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ERIC Number: ED261296
Record Type: Non-Journal
Publication Date: 1984-Aug
Pages: 19
Abstractor: N/A
Cultural Mistrust as a Contributor to Mental Health and Psychopathology.
Barrett, Ronald Keith
Trust is an important construct in understanding the social dynamics in interpersonal and race relations. Several studies have concluded that blacks tend to mistrust both whites and the predominantly white government. The consensus among theorists and researchers supports the social learning view that accumulated life experiences critically determine the individual's level of trust and mistrust. More significantly, past experiences with individuals or reference groups influence the level of trust or mistrust in relation to those individuals or groups. Racial prejudices and biases are most apparent to those victimized and such biases influence the level of mistrust in interracial interactions. The tendency to define normality as whatever tendencies occur most frequently in the population and abnormality as those traits that occur less frequently disregards legitimate cultural variations and imposes white norms as the standard for judging minorities in such areas as intelligence testing, achievement tests, and personality inventories. While cultural mistrust may not necessarily contribute directly to psychopathology, it may contribute indirectly to the decline of both the physical and the psychological well-being of individuals. A sense of racial injustice, inequity, and racial mistrust and suspicion produces a level of stress and physical symptomatology particularly central to our understanding of the level of wellness in black Americans. (NRB)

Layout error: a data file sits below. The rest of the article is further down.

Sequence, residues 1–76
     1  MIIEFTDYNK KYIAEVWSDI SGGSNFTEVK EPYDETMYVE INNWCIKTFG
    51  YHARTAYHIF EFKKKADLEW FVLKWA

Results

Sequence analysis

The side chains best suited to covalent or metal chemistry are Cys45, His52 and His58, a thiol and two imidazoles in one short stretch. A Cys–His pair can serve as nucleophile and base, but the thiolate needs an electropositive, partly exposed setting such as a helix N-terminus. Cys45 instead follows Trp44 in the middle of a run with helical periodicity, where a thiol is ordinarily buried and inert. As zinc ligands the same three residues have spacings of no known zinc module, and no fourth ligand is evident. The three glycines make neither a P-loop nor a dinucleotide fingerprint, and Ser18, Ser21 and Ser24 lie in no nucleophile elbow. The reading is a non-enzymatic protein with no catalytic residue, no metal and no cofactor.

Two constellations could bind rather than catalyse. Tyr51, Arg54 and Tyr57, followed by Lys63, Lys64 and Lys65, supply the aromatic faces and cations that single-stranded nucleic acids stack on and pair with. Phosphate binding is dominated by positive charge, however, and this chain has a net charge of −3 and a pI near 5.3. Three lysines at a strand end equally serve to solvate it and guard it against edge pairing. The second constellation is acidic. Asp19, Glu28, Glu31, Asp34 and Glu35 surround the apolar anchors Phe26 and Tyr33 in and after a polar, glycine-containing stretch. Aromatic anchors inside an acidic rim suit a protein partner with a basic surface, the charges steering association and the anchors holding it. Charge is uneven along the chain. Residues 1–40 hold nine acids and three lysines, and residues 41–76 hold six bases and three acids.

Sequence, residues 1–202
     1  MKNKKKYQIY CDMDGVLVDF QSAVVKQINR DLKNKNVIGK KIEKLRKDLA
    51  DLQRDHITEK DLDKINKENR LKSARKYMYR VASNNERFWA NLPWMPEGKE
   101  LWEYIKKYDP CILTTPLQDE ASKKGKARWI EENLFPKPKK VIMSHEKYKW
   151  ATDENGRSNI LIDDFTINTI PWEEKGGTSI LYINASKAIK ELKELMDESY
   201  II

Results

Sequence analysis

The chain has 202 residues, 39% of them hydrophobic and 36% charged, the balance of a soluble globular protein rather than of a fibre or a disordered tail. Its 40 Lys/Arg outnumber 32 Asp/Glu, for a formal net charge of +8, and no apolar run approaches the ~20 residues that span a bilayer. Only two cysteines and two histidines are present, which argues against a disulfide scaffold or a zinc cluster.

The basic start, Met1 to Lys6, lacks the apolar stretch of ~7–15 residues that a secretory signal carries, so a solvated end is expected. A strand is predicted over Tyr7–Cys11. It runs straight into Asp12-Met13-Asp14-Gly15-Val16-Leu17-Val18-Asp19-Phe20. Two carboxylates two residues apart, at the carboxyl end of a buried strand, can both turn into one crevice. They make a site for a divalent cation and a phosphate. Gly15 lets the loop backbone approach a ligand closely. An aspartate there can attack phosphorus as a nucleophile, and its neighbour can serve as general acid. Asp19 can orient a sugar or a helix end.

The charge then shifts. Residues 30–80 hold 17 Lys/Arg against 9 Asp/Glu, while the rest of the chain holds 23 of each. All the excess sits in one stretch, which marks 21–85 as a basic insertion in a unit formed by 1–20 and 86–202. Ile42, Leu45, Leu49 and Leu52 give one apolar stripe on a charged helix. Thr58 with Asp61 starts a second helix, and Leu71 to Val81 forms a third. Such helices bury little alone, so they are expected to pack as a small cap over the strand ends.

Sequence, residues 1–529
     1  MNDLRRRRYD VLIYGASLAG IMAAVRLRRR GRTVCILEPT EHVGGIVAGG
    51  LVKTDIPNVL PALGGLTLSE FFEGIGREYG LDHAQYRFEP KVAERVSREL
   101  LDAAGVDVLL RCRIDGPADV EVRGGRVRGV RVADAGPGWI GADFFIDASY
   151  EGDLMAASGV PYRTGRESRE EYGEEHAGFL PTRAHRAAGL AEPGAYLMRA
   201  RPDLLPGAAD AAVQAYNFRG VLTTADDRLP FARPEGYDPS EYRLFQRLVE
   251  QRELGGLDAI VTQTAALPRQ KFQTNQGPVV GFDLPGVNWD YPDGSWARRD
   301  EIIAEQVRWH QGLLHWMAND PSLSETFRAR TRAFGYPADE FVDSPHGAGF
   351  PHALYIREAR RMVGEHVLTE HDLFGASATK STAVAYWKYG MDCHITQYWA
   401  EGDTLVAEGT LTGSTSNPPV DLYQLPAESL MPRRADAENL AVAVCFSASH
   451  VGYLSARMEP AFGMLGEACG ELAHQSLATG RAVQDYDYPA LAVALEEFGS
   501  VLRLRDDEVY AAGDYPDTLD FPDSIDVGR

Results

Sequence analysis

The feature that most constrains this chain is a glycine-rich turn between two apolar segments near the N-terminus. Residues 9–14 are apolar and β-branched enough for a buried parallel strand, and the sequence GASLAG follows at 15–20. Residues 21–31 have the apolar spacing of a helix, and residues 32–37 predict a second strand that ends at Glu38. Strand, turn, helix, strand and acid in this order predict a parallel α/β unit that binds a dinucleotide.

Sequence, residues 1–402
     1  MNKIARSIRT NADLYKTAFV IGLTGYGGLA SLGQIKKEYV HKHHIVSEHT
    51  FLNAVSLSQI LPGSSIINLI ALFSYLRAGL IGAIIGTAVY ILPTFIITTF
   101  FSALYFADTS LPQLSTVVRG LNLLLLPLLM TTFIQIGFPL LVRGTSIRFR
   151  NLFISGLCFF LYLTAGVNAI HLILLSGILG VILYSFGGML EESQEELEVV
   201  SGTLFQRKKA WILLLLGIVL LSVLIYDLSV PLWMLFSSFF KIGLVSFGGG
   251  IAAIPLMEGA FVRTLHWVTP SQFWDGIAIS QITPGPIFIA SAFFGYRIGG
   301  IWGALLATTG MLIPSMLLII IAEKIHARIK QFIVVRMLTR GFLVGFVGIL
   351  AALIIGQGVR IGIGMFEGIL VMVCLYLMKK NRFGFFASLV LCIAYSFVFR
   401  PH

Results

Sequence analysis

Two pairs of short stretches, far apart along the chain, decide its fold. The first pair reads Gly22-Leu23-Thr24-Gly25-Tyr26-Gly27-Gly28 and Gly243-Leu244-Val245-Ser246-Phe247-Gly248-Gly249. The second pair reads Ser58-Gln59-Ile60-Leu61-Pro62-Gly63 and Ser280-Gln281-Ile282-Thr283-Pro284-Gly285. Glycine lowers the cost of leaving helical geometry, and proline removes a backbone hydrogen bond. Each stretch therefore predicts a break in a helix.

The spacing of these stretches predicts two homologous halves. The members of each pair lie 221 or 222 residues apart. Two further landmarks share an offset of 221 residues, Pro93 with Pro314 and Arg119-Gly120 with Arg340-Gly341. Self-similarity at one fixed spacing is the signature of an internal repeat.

Publication Type: Information Analyses; Speeches/Meeting Papers
Education Level: N/A
Audience: N/A
Language: English
Sponsor: N/A
Authoring Institution: N/A